Weekly Writing Tips: Sourcing Blog Content

The Weekly Writing Tips are a collection of best practices for writing and reporting at Global Voices. September's tips are brought to you by Rezwan, regional editor for South Asia.

Before the proliferation of Twitter and Facebook, we used to source our citizen media commentary for a GV post mainly from blogs. They are still powerful sources of in-depth opinions and analysis on a topic in comparison to an instant 140-character reaction.

A well-written blog is a digital archive of people’s thoughts with unique urls. Blogs can be easily found inputting keywords into search engines, and they draw significant traffic, whereas Facebook is a closed group and not fully accessible by search engines.

Here are some good handy tools to keep a tab on what’s being said and discussed on blogs in your region:

  1. Your own blogroll: There may be a list of bloggers you follow and you should keep them organized in a list (blogroll on a blog or a bookmark list in your browser of choice).
  2. RSS readers: I was a big fan of Google Reader for the few thousand blogs that I follow from the South Asia region. Now I use feedly. Its pro version allows for searching keywords from the feeds, which was a feature of Google RSS Reader.
  3. Use blog aggregators: I have for a long time used blog aggregators (such as http://kottu.org/ and http://indibloggers.in ) to follow news and events in specific countries. There are many blog aggregators out there, especially in local languages, if you take the time to search. For example, I never knew there are so many Hindi language aggregators, if only I could speak Hindi. There are also mobile aggregator apps.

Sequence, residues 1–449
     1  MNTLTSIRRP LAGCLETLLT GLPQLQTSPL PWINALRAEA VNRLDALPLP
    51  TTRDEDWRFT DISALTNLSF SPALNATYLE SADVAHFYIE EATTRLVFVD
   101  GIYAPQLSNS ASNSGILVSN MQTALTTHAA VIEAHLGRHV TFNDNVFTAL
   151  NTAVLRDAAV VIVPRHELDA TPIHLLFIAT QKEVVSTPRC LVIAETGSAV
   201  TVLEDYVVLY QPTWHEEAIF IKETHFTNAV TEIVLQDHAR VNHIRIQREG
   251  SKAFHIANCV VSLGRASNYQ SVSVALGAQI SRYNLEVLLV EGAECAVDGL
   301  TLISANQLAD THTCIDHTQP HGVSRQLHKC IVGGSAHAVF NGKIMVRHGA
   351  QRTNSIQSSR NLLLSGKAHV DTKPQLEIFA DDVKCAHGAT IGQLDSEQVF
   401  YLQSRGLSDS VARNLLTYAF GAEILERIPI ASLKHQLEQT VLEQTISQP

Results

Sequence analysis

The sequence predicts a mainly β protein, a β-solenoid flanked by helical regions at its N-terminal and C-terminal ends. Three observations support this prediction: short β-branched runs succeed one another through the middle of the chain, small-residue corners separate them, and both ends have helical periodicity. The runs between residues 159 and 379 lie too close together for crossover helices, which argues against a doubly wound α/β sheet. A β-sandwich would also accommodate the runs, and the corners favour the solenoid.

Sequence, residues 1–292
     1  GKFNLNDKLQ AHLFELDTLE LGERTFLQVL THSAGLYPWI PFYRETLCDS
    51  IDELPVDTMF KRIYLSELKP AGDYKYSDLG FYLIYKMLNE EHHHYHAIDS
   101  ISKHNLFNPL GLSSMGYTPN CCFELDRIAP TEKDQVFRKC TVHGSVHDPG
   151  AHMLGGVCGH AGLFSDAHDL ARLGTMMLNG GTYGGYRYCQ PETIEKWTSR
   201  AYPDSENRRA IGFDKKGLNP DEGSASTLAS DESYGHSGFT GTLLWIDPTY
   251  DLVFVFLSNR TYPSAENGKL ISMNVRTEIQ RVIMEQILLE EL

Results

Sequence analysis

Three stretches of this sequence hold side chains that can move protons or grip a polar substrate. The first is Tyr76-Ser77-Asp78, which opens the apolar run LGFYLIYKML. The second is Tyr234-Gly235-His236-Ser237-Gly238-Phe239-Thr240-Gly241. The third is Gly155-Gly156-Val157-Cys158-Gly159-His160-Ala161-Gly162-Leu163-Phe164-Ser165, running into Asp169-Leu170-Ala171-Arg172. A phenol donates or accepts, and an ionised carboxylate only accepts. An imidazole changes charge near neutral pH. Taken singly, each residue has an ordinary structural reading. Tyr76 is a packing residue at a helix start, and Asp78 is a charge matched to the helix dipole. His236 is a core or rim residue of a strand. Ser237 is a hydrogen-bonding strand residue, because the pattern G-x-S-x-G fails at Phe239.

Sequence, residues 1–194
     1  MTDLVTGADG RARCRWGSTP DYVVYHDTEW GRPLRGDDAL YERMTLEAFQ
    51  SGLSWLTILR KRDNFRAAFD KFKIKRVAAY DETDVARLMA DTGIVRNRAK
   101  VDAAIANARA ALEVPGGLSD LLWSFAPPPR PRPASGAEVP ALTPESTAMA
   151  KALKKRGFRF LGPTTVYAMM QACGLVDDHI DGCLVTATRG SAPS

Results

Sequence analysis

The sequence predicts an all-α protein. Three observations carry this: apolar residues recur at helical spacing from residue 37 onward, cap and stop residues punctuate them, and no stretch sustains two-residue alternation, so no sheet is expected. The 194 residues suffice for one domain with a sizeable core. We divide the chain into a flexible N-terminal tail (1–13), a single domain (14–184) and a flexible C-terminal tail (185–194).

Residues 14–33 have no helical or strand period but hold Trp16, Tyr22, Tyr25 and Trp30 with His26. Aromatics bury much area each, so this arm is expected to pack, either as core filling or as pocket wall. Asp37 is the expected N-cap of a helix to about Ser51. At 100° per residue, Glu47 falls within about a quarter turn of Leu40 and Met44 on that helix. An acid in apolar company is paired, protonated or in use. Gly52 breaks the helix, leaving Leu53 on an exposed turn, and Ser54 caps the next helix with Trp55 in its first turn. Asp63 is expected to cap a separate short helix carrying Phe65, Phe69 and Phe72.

4. Google Blog Search: Google merged blogsearch.google.com into its main search so just google your keyword to find blog posts on a specific topic. However, there are other blog searches you can try out.
  5. Live blogs: Often media organizations put up live blogs in the event of breaking news. Please look out for them as they can be source of many opinions.

When you plan your post, it helps to find relevant quotes that match the angle of your story, although the quotes you find may influence you to go with another angle. As I remember Taisa wrote in her tips, “Keep your friends close, your enemies closer”. That means don’t only browse and highlight the quotes that match your own personal worldview or support the premise of your post- – but also look for and highlight the other side(s) of the issue.

It’s also important not to quote hundreds and hundreds of words worth of a blog post all in one big blockquote. Select one or two lines that are most important or most creative and summarize the other points. Don’t be afraid to reach out to a blogger to ask for some clarification if you don’t fully understand what they’re saying — if you don’t understand, chances are that readers won’t either.

That’s it for today. I will come back next week on how to source opinions from Facebook, Twitter and other social media.

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